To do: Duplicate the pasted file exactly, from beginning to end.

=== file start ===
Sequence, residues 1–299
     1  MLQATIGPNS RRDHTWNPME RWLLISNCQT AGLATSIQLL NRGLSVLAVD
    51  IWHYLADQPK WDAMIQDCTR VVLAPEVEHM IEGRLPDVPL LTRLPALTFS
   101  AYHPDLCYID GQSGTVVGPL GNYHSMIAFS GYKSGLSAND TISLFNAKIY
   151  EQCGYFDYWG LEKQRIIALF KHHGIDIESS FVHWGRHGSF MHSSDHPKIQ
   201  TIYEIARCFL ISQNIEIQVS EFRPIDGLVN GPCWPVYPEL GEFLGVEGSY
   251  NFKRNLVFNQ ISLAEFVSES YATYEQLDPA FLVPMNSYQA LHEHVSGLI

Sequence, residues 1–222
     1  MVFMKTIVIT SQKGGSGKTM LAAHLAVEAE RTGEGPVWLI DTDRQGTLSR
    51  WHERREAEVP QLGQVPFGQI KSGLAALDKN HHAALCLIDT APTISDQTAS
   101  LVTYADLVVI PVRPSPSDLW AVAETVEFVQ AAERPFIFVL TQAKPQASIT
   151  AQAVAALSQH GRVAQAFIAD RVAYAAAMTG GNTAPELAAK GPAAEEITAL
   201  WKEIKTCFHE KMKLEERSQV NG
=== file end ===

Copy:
Sequence, residues 1–299
     1  MLQATIGPNS RRDHTWNPME RWLLISNCQT AGLATSIQLL NRGLSVLAVD
    51  IWHYLADQPK WDAMIQDCTR VVLAPEVEHM IEGRLPDVPL LTRLPALTFS
   101  AYHPDLCYID GQSGTVVGPL GNYHSMIAFS GYKSGLSAND TISLFNAKIY
   151  EQCGYFDYWG LEKQRIIALF KHHGIDIESS FVHWGRHGSF MHSSDHPKIQ
   201  TIYEIARCFL ISQNIEIQVS EFRPIDGLVN GPCWPVYPEL GEFLGVEGSY
   251  NFKRNLVFNQ ISLAEFVSES YATYEQLDPA FLVPMNSYQA LHEHVSGLI

Sequence, residues 1–222
     1  MVFMKTIVIT SQKGGSGKTM LAAHLAVEAE RTGEGPVWLI DTDRQGTLSR
    51  WHERREAEVP QLGQVPFGQI KSGLAALDKN HHAALCLIDT APTISDQTAS
   101  LVTYADLVVI PVRPSPSDLW AVAETVEFVQ AAERPFIFVL TQAKPQASIT
   151  AQAVAALSQH GRVAQAFIAD RVAYAAAMTG GNTAPELAAK GPAAEEITAL
   201  WKEIKTCFHE KMKLEERSQV NG